Retrofit a LED Ring to a Stereo Microscope



Introduction: Retrofit a LED Ring to a Stereo Microscope

About: So many things to learn and make, so little time! I like things that are cool, useful, efficient, well crafted.

Build a LED tube to revive an old stereo microscope.

Stereo microscopes are awesome tools, to observe and inspect all kinds of small objects.

If you are lucky you can find some on ebay, in pretty in good shape and for decent prices. We are the happy owners of an old (but very good) one.

It is mandatory to have a good illumination of the observed objects. Ambient light is not enough, that's why they always include a lamp.

Our one had a tungsten bulb of another era, for which it's hard to find replacements, and which is not very bright, bulky, and produces an insane amount of heat.

So it was time to retrofit it with a commodity of this century: LEDs !

Step 1: Remove the Old Lamp

On the picture, you can see the old lamp, producing a quite poor spot on the object, and lot of lost energy. That's what we'll remove first.

Step 2: Find and Shape a Suitable PVC Tube

These stereo microscope have their objectives enclosed in a large cone.

My one was more or less fitting inside a piece of PVC tube that I had on hand. So here's how I shaped the tube:

1. Find a coarsely corresponding chunk of PVC tube

2. Mark one end with masking tape, to delimit a straight border. On your oven's hot plate, use cookies wax paper, and melt the marked end to get it flat. You may need to do several attempts until you have the right temperature and exert the right pressure. If it fails, saw the end off, and retry. Repeat on the other end of the tube.

3. You may want to remove the excess, using a cutter/file and sandpaper.

4. With a jigsaw, make three slits, on one of the ends of the tube.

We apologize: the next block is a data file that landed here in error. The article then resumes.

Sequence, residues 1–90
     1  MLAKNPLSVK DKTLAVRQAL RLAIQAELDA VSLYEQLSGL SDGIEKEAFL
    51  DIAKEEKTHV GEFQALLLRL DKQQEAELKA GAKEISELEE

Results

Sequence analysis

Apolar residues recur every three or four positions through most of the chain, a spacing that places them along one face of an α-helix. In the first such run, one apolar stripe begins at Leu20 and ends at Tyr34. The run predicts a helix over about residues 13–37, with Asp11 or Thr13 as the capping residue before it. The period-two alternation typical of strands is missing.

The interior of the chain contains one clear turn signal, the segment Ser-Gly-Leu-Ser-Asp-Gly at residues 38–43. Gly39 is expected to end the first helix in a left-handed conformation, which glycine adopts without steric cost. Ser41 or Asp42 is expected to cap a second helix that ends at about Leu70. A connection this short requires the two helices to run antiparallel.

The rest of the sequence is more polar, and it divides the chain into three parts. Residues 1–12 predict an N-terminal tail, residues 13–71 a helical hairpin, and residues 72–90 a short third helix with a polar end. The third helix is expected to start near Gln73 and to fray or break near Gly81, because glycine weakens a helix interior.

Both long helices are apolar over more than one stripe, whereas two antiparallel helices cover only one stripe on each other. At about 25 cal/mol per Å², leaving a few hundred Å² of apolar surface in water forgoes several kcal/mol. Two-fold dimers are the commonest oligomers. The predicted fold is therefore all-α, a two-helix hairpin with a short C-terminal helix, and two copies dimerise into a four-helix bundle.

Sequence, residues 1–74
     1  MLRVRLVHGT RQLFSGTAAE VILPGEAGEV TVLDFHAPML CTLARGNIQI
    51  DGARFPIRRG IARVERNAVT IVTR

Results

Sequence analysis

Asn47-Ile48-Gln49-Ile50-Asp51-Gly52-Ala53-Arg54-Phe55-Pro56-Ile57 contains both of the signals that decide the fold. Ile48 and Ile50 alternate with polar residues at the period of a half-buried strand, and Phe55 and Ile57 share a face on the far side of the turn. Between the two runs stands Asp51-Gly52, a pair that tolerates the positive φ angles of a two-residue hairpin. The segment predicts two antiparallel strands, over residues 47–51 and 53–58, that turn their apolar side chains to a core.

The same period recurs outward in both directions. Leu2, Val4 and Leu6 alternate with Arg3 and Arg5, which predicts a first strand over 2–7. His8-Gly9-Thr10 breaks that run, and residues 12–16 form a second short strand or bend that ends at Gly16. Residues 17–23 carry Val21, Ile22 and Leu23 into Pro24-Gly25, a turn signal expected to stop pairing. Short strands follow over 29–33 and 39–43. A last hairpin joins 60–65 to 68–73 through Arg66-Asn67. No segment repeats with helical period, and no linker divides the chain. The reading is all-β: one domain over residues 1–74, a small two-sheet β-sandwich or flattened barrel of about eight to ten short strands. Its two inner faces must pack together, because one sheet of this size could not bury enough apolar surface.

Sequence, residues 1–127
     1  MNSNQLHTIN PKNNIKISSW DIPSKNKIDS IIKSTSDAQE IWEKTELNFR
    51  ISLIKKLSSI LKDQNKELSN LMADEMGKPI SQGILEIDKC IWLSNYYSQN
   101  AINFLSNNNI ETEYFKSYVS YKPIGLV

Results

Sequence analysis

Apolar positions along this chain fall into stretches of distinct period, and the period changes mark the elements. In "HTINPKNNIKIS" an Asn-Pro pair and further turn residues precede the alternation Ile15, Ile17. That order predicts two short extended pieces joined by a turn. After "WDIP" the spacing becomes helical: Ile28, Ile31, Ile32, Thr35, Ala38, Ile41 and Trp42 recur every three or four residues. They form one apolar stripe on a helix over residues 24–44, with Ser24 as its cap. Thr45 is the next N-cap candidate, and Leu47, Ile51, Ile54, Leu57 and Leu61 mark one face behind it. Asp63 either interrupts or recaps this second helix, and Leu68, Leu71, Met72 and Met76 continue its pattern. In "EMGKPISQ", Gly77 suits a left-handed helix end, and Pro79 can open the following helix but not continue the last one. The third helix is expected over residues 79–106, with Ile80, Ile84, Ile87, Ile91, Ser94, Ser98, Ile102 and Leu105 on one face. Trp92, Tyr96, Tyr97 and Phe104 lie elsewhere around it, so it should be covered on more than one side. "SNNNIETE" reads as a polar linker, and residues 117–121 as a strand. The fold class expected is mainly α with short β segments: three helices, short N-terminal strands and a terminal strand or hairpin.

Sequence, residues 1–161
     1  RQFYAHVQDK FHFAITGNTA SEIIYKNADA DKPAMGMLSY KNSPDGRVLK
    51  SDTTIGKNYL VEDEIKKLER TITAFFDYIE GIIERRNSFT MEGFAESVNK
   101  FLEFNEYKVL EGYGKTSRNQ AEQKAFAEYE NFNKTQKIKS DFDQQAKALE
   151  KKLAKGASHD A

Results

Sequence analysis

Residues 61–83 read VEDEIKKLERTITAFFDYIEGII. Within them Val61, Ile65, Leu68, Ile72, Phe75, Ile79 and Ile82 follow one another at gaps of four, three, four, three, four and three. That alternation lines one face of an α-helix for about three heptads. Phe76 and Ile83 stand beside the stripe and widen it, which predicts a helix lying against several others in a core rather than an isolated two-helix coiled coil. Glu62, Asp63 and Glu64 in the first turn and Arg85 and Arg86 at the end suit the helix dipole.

5. Drill a hole at the end of each slit. This will ensure the the slit will not propagate.

6. Fit the tube on the objective's housing, carefully using a hot air gun. If it is too tight, heat to release the pressure a bit; you may have to extend the slits. If it is too loose, bend inwards to create more pressure.

Step 3: Add a LED Stripe

Add a LED stripe on the inner side, flush with the end without slits. Make sure that the connectors are on that same end of the tube.

Step 4: Make the Switch Box

I found a cute little Mentos tin, ideal for a switch box.

Also, I scavenged a jack socket and a nice angled jack plug, from some electronic scrap. I also got a nice little toggle switch.

With some putty I filled the side opposite to the lid, let it cure, then made a hole for the socket and a hole for the switch.

Step 5: Paint

Time for the paint job.

To protect the inner side of the tube (esp. the LEDs) I used some masking tape.

It was necessary to make the PVC tube rough, using sandpaper, so that the paint would adhere on the plastic.

Then I spray painted the tube and the tin.

Step 6: Add Switch and Socket

Time to solder and place the toggle switch and socket inside the tin.

Step 7: Assemble Box to Tube

I marked the place on the tube, and scratched off the paint.

Not to be forgotten: a hole in the tube and an aligned hole in the box, for the cables.

Then using some Sugru, I glued the box to the tube.

Step 8: Connect All

Through the hole in the tube and the hole in the box, I connected the LED stripe to the switch circuit.

I found an old 12V (acc. to the LED requirements) adapter, to which I soldered the jack plug, and protected the solder place by some heat shrink tubing.

After checking for no shorts with an ohmmeter: connect, switch on, and let there be light!

Step 9: Use

Now the tube can be fitted onto the microscope housing, and voilà, we're ready for optimal observation conditions!

Note: as one can see on the photo, I added a potentiometer below the toggle switch, in order to tune the brightness.

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